November 24, 2005


Beethoven: Piano Sonatas Nos. 17 (“Tempest”), 21 (“Waldstein”) and 23 (“Appassionata”). Fazil Say, piano. Naïve. $16.99.

     Turkish pianist/composer Fazil Say has superb technique when his ego doesn’t get in the way.  He gives these Beethoven sonatas capital-R Romantic performances, with big sound and frequent rubato.  These are not readings necessarily appropriate to the period in which the sonatas were written, but they are almost always emotionally convincing.

     The C Minor “Tempest,” op. 31, no. 2, gets an emotional opening movement in which the slow sections are almost Chopinesque.  The second movement is pleasant enough, but curiously uninvolving.  The third is bright, with all lines in both hands clear: Say here combines a delicate touch with plenty of power when needed.

     Say gives the C Major “Waldstein,” op. 53, a fast, dramatic, well-articulated opening movement with extreme delicacy of touch.  Abetted by Naïve’s excellent sound, Say does a superb job here and in all these sonatas of making every note audible, even in the fastest runs.  This sonata’s brief second movement comes across as a gentle, quiet interlude.  The finale is a trifle brusque at first, then becomes steadily more involving despite a little too much rubato.  The coda is speedy, delicate, and quite impressively played.

     Sonata No. 23 in F Minor got the name “Appassionata” not from Beethoven but from a publisher who issued an edition 11 years after the composer’s death.  Nevertheless, the name fits this work exceptionally well, and Say’s style does, too: this is the best performance on the CD.  Say presents a highly dramatic opening to the first movement, then plays as if every note in every run is crucial to the emotional impact of the work.  The coda is exceptional, subsiding into quiet, then exploding with great bursts of sound before dying away.  The second movement then begins very softly, its gentle rhythms building inexorably to the start of the finale, which is taken at a very fast pace and played as high drama.  Say balances the notes in the left and right hands as if he were playing Liszt – a most effective approach, if not one entirely faithful to Beethoven’s style.  The slowdown near the end of the movement comes across as a sigh, as if there is nowhere else to go – but then comes the wonderful concluding burst of forward motion.  This could have been a great coda had Say not overdone the rubato in the two repeated chords that are designed to emphasize the drama of the ending, not interfere with it.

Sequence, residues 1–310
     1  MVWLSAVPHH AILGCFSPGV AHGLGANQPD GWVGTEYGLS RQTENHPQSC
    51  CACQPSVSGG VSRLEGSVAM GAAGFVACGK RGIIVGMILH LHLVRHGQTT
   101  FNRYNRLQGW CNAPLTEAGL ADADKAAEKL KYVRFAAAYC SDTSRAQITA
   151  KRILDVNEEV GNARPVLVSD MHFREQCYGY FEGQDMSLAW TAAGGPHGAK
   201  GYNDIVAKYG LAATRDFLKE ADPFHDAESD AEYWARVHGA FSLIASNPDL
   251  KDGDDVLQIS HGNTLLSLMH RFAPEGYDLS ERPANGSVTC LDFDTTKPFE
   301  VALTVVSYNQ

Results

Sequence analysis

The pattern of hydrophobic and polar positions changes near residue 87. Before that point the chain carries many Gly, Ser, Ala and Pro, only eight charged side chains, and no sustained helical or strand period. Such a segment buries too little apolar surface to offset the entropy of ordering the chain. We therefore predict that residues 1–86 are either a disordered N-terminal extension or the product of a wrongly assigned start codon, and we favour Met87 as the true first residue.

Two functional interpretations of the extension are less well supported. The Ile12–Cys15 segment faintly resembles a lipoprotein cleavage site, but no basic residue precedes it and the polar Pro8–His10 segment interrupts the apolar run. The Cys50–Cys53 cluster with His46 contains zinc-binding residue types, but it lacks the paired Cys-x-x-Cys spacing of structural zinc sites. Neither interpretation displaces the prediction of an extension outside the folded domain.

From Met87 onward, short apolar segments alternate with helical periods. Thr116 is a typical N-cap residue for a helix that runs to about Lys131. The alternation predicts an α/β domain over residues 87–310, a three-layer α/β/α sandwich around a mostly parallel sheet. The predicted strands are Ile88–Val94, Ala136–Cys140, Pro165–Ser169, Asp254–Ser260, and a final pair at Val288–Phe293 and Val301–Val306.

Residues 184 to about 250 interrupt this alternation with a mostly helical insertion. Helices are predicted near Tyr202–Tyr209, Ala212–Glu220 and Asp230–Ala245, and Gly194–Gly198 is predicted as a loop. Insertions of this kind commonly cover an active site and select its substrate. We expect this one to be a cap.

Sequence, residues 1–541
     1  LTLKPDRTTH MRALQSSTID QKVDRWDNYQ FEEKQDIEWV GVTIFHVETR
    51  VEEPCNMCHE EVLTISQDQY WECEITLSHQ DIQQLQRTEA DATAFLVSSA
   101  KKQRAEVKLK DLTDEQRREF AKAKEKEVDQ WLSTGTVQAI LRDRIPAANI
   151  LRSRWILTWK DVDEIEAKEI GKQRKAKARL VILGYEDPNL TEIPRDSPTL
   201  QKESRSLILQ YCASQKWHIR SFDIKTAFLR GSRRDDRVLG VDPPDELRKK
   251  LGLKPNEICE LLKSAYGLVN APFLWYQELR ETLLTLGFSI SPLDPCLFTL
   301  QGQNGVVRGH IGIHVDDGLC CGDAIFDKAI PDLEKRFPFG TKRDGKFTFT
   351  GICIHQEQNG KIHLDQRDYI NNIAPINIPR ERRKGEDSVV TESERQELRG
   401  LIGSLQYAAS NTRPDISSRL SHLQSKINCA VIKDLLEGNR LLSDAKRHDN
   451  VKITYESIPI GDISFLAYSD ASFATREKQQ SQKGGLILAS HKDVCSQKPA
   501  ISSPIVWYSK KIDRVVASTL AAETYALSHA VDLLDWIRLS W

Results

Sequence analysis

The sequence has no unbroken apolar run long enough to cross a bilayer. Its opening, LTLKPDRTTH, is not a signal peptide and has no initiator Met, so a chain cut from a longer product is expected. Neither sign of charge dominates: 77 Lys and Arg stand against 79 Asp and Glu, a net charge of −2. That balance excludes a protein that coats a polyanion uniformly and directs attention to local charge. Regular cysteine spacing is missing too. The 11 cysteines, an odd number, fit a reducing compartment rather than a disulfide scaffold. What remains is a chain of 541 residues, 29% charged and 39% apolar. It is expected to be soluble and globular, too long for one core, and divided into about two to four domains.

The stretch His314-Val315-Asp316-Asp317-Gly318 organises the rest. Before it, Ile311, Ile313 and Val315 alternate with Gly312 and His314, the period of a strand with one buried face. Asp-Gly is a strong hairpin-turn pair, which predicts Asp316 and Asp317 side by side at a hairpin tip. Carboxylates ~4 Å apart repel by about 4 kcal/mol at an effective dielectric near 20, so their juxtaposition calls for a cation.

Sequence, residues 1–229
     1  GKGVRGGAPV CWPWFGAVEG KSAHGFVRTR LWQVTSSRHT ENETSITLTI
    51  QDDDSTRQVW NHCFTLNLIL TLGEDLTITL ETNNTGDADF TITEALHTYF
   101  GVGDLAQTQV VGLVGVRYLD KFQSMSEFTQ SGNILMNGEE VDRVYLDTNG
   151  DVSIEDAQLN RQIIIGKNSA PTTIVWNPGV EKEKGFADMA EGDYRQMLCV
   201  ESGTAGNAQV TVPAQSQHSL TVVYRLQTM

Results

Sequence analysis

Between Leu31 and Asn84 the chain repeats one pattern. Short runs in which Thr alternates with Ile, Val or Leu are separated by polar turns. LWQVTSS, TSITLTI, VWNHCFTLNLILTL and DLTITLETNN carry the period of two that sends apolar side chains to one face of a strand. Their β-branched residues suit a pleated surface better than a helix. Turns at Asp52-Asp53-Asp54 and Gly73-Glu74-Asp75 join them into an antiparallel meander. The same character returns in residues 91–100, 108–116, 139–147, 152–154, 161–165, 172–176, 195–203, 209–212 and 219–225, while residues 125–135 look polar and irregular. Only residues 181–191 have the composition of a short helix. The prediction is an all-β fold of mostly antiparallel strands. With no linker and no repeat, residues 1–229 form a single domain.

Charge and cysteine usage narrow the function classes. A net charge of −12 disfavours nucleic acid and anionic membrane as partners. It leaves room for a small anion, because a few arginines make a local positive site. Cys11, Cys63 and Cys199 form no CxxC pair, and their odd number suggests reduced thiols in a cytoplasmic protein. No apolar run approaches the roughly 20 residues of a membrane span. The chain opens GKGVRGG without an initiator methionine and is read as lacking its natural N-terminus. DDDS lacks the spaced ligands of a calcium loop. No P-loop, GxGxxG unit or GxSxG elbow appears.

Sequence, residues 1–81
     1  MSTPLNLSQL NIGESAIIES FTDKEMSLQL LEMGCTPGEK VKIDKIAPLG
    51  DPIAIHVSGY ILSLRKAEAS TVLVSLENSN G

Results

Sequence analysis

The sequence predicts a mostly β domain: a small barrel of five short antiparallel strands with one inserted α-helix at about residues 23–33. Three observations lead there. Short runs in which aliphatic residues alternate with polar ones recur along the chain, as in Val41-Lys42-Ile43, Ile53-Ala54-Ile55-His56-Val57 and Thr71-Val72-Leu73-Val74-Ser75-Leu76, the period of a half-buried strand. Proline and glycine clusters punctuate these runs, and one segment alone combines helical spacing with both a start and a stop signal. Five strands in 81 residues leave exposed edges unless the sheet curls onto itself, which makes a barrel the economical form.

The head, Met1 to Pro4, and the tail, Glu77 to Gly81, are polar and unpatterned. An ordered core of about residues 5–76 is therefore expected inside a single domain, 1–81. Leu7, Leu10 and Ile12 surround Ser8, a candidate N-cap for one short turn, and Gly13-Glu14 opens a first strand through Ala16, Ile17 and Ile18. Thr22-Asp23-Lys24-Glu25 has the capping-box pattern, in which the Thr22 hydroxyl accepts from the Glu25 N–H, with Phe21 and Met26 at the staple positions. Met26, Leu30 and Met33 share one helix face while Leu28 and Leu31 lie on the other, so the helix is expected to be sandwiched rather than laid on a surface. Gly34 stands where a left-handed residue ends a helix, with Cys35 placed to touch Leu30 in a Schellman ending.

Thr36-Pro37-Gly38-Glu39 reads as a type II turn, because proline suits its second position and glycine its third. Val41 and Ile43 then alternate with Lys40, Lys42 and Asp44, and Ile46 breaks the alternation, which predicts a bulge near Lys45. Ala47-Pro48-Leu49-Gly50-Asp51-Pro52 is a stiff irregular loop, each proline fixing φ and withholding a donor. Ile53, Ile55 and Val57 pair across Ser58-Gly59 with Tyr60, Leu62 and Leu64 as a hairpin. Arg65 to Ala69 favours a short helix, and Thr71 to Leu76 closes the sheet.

These readings will not be to everyone’s taste, but they are fresh and memorable, representing an unusual and mostly successful approach to the music.  Naïve’s packaging is, as usual, some of the most attractive in the industry – a nice bonus.  But Richard Millet’s booklet essay, “A Music Beyond All Sentimentality,” is one of the silliest pieces of artsy, self-important, pseudo-academic excess attached to a classical recording in years – a sure turnoff for people not already in love with these marvelous sonatas.

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